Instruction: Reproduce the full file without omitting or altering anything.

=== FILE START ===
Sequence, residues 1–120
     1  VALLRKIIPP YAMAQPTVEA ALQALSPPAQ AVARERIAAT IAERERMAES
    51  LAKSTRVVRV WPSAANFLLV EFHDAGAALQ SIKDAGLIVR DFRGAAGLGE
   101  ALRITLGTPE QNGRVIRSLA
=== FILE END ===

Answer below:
Sequence, residues 1–120
     1  VALLRKIIPP YAMAQPTVEA ALQALSPPAQ AVARERIAAT IAERERMAES
    51  LAKSTRVVRV WPSAANFLLV EFHDAGAALQ SIKDAGLIVR DFRGAAGLGE
   101  ALRITLGTPE QNGRVIRSLA